The Construction of Social Reality

in Minority Discourse:
Polish Immigrants in Montreal.
Maciej Domanski
Département d’anthropologie
Faculté des arts et des sciences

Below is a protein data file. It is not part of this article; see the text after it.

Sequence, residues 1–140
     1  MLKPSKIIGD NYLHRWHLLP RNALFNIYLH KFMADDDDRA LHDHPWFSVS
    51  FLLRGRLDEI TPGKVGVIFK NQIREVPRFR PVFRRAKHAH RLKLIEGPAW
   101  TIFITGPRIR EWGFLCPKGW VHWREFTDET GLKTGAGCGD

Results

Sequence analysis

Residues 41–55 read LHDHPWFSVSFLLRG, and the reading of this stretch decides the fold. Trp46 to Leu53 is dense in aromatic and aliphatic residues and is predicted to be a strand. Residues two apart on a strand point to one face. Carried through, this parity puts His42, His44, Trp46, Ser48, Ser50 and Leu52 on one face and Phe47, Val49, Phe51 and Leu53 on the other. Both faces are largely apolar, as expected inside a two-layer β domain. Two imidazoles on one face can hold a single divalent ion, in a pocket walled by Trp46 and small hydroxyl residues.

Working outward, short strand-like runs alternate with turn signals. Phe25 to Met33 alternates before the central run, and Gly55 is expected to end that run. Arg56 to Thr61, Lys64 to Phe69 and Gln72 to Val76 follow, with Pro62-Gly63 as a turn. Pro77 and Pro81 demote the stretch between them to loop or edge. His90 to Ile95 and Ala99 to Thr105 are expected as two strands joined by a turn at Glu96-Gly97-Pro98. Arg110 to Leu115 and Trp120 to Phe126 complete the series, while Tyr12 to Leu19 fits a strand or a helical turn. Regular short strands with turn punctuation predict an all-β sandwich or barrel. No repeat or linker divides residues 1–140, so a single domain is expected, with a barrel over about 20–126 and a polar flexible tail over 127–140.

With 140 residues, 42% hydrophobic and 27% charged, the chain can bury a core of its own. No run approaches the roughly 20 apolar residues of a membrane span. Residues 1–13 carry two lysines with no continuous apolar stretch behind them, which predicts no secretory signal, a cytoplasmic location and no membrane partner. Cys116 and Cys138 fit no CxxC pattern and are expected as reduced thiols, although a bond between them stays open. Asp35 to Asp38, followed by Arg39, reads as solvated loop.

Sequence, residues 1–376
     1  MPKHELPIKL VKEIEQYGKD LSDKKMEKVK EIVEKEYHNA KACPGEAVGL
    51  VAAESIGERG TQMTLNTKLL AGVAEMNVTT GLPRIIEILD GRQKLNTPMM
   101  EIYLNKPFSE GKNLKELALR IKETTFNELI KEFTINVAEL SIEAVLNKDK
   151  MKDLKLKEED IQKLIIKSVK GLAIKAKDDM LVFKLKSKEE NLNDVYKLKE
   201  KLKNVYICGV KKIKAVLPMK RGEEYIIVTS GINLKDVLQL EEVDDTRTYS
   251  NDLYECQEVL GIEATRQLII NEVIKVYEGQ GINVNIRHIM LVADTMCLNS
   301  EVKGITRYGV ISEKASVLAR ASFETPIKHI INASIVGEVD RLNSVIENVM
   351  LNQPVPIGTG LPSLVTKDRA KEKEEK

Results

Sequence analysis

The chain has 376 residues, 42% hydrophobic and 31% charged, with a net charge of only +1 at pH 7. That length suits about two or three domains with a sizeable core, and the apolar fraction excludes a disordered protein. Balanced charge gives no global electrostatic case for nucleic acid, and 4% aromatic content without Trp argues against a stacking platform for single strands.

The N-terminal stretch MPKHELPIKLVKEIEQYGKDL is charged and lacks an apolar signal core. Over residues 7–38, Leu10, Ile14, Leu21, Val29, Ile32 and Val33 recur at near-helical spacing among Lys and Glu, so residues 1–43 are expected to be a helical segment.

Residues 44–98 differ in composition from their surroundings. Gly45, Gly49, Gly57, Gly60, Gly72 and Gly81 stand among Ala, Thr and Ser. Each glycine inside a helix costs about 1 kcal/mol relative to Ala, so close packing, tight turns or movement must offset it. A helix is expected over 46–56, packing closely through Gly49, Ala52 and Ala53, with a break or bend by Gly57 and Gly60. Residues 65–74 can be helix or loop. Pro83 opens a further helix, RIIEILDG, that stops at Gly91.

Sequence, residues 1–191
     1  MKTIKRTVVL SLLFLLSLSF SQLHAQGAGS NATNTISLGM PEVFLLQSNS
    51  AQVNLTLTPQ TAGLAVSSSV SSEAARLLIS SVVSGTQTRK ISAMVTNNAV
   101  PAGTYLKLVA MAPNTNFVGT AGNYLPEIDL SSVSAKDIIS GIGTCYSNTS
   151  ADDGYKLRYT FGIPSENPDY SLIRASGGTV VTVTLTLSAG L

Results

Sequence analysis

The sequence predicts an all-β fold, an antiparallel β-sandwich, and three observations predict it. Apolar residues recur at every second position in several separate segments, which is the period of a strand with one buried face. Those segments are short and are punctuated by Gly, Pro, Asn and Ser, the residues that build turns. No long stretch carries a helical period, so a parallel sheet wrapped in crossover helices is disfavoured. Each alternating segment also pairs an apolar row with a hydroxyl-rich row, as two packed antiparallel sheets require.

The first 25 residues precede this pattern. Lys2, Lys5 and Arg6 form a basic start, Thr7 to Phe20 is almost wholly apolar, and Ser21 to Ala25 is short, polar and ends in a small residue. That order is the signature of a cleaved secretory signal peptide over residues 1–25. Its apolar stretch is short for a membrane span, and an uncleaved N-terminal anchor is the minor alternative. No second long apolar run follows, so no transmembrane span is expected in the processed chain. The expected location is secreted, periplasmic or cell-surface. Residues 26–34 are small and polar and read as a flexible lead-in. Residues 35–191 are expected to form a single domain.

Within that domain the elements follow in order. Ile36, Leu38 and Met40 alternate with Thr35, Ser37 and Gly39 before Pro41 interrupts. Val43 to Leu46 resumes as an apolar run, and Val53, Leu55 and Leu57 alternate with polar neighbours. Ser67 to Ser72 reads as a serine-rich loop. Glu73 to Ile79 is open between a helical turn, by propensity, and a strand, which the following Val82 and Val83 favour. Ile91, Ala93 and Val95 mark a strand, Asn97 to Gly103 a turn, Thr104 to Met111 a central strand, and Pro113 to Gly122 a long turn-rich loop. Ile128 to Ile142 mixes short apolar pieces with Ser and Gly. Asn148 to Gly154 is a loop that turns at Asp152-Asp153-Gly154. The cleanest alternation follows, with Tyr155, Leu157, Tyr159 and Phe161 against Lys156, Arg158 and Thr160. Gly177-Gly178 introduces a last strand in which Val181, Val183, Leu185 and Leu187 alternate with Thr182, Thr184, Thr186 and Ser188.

Despite their status of “socially accepted clichés” (Wetherell and Potter, 1992: 91), interpretative repertoires should not be confused with rigid cognitive representations, schemata or semiotic codes (cf. Potter and Wetherell, 1987). The semiotic aspect is important, insofar as it determines the utility of repertoires for the purposes of rhetorical construction. The latter depends on a certain linguistic and cultural competence, and on common assumptions about the meaning of terms and associations shared by speakers as members of specific “interpretive communities” (cf. Eco, 1979: 7; Luke, 1989: 60-63). But whatever their semiotic or cognitive functions, interpretative repertoires do not have any special powers that govern the conditions of their use (as codes have, for example). It is rather the context and speakers’ practical needs that determine the choice of repertoires and the ways in which they are used.

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